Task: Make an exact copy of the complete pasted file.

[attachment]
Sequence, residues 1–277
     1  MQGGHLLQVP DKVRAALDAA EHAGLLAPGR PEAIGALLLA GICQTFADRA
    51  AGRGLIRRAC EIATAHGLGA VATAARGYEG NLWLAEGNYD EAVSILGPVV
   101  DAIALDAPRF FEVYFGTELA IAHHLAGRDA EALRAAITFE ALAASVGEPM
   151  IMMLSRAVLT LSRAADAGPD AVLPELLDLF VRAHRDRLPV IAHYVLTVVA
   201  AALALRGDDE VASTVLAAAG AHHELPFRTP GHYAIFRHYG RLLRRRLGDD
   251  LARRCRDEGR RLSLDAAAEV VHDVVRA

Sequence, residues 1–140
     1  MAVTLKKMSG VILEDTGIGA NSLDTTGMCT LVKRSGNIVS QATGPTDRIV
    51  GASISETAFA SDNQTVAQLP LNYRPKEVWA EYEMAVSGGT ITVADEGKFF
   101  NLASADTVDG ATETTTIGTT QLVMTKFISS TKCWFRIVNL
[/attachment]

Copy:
Sequence, residues 1–277
     1  MQGGHLLQVP DKVRAALDAA EHAGLLAPGR PEAIGALLLA GICQTFADRA
    51  AGRGLIRRAC EIATAHGLGA VATAARGYEG NLWLAEGNYD EAVSILGPVV
   101  DAIALDAPRF FEVYFGTELA IAHHLAGRDA EALRAAITFE ALAASVGEPM
   151  IMMLSRAVLT LSRAADAGPD AVLPELLDLF VRAHRDRLPV IAHYVLTVVA
   201  AALALRGDDE VASTVLAAAG AHHELPFRTP GHYAIFRHYG RLLRRRLGDD
   251  LARRCRDEGR RLSLDAAAEV VHDVVRA

Sequence, residues 1–140
     1  MAVTLKKMSG VILEDTGIGA NSLDTTGMCT LVKRSGNIVS QATGPTDRIV
    51  GASISETAFA SDNQTVAQLP LNYRPKEVWA EYEMAVSGGT ITVADEGKFF
   101  NLASADTVDG ATETTTIGTT QLVMTKFISS TKCWFRIVNL